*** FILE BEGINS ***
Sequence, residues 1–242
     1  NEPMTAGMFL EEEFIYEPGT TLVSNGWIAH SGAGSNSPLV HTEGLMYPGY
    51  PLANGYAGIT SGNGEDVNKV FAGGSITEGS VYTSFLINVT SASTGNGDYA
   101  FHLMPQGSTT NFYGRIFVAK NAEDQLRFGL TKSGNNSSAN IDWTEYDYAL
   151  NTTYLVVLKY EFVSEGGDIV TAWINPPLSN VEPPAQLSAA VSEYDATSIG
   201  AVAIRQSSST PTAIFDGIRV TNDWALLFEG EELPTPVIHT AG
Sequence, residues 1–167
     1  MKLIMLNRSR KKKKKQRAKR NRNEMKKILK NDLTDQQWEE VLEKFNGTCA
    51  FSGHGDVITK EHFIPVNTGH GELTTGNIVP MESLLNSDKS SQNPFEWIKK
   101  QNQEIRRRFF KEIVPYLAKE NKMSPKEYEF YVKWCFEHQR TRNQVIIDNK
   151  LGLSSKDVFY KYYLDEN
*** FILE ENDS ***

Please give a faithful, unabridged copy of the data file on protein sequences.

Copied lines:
Sequence, residues 1–242
     1  NEPMTAGMFL EEEFIYEPGT TLVSNGWIAH SGAGSNSPLV HTEGLMYPGY
    51  PLANGYAGIT SGNGEDVNKV FAGGSITEGS VYTSFLINVT SASTGNGDYA
   101  FHLMPQGSTT NFYGRIFVAK NAEDQLRFGL TKSGNNSSAN IDWTEYDYAL
   151  NTTYLVVLKY EFVSEGGDIV TAWINPPLSN VEPPAQLSAA VSEYDATSIG
   201  AVAIRQSSST PTAIFDGIRV TNDWALLFEG EELPTPVIHT AG
Sequence, residues 1–167
     1  MKLIMLNRSR KKKKKQRAKR NRNEMKKILK NDLTDQQWEE VLEKFNGTCA
    51  FSGHGDVITK EHFIPVNTGH GELTTGNIVP MESLLNSDKS SQNPFEWIKK
   101  QNQEIRRRFF KEIVPYLAKE NKMSPKEYEF YVKWCFEHQR TRNQVIIDNK
   151  LGLSSKDVFY KYYLDEN